Can't play it open & as a melody both. Usage of the term other places in the encyclopedia seem to clearly connect chanterelle with melody more than highest.

Curiouser & curiouser!


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Subject: RE: Banjo and 'chanterelle'
From: McGrath of Harlow
Date: 24 Sep 04 - 03:48 PM

With a zither banjo - which were quite common in Engand anyway - the fifth string lies over the fretboard, so it'd be easy enough to play a melody on it. And I think you could do the same with a fretless banjo.

Perhaps it's a misunderstanding - but the fact that the string is referred to as a "melody" string in both books is odd. The OCM could well have drawn on the earlier source - but in 1911, the date for that encyclopedia article, banjoes were still fairly common instruments.


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Subject: RE: Banjo and 'chanterelle'
From: Uncle_DaveO
Date: 24 Sep 04 - 04:06 PM

A melody could, I suppose, be played on an open thumbstring, but I think it would be a very boring melody indeed.

Dave Oesterreich


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Subject: RE: Banjo and 'chanterelle'
From: McGrath of Harlow
Date: 24 Sep 04 - 04:15 PM

Doesn't a melody by definition have to have more than one note?


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Subject: RE: Banjo and 'chanterelle'
From: Uncle_DaveO
Date: 24 Sep 04 - 06:01 PM

That's why it would be boring.

Dave Oesterreich


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Subject: RE: Banjo and 'chanterelle'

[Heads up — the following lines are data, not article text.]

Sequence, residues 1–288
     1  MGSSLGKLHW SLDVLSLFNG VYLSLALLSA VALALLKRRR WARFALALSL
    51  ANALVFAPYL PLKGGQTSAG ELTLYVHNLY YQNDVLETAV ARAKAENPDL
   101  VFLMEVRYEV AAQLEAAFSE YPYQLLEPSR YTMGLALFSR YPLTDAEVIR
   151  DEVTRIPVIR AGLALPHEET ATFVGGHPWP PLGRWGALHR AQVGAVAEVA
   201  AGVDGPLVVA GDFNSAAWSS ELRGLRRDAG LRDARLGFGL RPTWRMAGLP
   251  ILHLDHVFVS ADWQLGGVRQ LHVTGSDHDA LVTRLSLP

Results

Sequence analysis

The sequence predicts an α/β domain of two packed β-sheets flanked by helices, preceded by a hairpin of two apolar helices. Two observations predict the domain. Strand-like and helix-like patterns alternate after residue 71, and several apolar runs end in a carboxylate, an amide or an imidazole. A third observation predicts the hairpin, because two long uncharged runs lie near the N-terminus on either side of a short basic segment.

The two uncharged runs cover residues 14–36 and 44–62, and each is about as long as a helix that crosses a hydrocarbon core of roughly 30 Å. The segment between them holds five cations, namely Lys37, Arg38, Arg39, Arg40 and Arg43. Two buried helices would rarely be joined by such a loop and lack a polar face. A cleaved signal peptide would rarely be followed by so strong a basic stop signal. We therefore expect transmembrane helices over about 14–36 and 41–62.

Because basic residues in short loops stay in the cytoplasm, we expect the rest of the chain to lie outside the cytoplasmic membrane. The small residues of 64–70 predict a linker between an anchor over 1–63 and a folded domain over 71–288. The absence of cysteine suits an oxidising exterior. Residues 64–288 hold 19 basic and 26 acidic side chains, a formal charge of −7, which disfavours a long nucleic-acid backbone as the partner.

From: Kaleea
Date: 24 Sep 04 - 09:42 PM

Could it be referring to "Frailing"? When the Banjo player in our String band does ol time "Frailin'!" he uses his thumb to plunk the melody (usually on that half-way-up-5th string, & curls the other fingers under quite considerably to plunk them betwixt & around & about the melody notes, making a nice accompaniment.


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Subject: RE: Banjo and 'chanterelle'
From: Uncle_DaveO
Date: 24 Sep 04 - 10:11 PM

Kaleea, seriously it would be very difficult to play melody on the thumbrstring or chanterelle, frailing or up-picking, either one. While you can fret the thumbstring with your thumb here or there, it would be very clumsy indeed to try to do that to create a melody.

Now, just watch somebody come along and say that "So-and-so does it!"   But I sure don't know of anyone who does, or even could.

Dave Oesterreich


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Subject: RE: Banjo and 'chanterelle'
From: McGrath of Harlow
Date: 25 Sep 04 - 12:42 PM

Boring or not, with just one note it wouldn't count as a melody.

Why on earth would anyone feel obliged to fret the strig with a thumb when they'd have four other fingers to use? Plucking with the thumb, now that's different.

No reason it wouldn't be easy enough to play tunes fretting the fifth, provided it was a banjo where there were frets under the fifth. It might sound good on some tunes too, using the fingers to fret the fifth string and plucking with the thumb, while frailing the same open chord on the other strings. Dukcimers get played that way sometimes.

The question is, did anyone ever play the banjo that way in the old days, as those reference books rather suggest, by calling the fifth string "the melody string".


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Subject: RE: Banjo and 'chanterelle'
From: Steve Parkes
Date: 27 Sep 04 - 04:28 AM

How about "several notes, all at the same pitch"? But even the so-called One-note Samba has two notes.

I'd love to hear a duckimer! Sounds like it would make a good trio with a serpent and a bass ...

Steve